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Fixation of Fibular Head Avulsion Fractures With a Proximal Tibiofibular Screw

March 01, 2019

Contributors: Ryan Khan; Daniel Whelan, MD; Ryan Paul, MD; Ryan Paul, MD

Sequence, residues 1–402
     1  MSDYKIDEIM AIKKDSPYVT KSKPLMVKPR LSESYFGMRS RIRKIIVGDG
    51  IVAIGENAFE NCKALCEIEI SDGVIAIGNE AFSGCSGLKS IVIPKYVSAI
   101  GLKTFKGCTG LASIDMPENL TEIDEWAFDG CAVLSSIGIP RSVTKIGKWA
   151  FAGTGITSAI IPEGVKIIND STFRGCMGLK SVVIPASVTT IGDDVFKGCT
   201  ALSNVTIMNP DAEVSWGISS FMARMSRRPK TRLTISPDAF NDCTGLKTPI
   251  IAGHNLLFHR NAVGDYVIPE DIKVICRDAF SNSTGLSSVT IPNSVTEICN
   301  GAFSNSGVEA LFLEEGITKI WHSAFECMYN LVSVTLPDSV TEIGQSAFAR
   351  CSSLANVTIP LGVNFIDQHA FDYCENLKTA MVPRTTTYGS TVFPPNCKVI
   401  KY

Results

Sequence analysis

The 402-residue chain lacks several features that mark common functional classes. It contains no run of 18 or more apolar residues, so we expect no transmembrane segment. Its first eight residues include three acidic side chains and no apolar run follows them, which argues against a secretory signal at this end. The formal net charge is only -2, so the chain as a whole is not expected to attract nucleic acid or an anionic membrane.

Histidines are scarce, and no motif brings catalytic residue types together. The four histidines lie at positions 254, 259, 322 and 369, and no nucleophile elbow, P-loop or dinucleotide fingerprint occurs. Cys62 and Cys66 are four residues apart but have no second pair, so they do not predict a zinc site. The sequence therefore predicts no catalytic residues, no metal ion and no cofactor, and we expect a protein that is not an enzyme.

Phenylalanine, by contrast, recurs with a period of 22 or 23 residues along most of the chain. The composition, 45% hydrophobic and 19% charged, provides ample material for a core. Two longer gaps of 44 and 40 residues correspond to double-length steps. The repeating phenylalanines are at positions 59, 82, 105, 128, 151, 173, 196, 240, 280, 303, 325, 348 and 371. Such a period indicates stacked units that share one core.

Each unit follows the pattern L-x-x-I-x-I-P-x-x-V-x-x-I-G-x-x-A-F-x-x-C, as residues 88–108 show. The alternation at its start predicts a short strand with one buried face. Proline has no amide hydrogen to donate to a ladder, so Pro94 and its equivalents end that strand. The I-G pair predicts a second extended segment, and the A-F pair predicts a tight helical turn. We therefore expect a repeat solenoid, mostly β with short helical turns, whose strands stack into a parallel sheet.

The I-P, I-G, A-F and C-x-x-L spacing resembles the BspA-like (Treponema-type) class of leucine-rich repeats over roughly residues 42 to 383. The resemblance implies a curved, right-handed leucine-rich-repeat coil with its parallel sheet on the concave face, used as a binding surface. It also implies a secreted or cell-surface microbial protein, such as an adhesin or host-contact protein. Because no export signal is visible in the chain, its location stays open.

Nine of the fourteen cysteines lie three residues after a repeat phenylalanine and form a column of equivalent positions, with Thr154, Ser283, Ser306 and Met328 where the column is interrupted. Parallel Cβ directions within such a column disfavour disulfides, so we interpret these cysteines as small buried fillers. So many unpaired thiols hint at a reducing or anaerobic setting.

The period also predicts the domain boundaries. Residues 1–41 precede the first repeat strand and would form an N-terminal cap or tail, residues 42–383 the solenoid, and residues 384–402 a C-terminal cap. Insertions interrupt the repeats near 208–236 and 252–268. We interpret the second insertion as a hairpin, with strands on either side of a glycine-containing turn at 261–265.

2019 AWARD WINNER Fibular head avulsion fractures represent a substantial injury to the posterolateral corner of the knee. A high rate of concomitant injuries, including rupture of the cruciate ligaments, is associated with fibular head avulsion fracture. Surgical fixation is indicated to restore stability, protect repaired or reconstructed cruciate ligaments, and decrease the likelihood of degenerative changes. This video describes a novel technique for the management of fibular head avulsion fractures, affording secure fibular head fixation, restoring posterolateral ligament complex integrity, and facilitating early range of motion. The video also discusses a case series performed by a single surgeon at our tertiary referral center. Between 2006 and 2016, 20 patients underwent repair of fibular head avulsion fractures with the use of a large-fragment cannulated screw and a soft-tissue washer that were inserted obliquely from the proximal fibula to the tibia. Fixation was augmented with suture repair of the lateral collateral ligament and the biceps tendon. Fracture orientation was assessed based on preoperative imaging studies. Concomitant injuries were addressed concurrently. Range of motion was initiated 2 weeks postoperatively. All the patients returned for clinical and radiographic assessment at a minimum follow up of 1 year (mean follow up, 3.5 years). Bony union occurred in all the patients. Revision surgery for the management of recurrent instability was not required. All the patients regained functional range of motion, with a mean extension of 0.94° and a mean flexion of 121.4°. Two patients underwent hardware removal. A late local infection developed in one patient. Postoperative varus stress radiographs, which were obtained in 11 of the patients, demonstrated less than a 1-mm difference between the surgical side and the contralateral side. Typically, fracture morphology demonstrated an oblique pattern in the coronal plane and a transverse pattern in the sagittal plane. Our case series suggest that fixation of fibular head avulsion fractures with a proximal tibiofibular screw allows for early range of motion with maintenance of reduction and results in a high rate of union and excellent postoperative stability.

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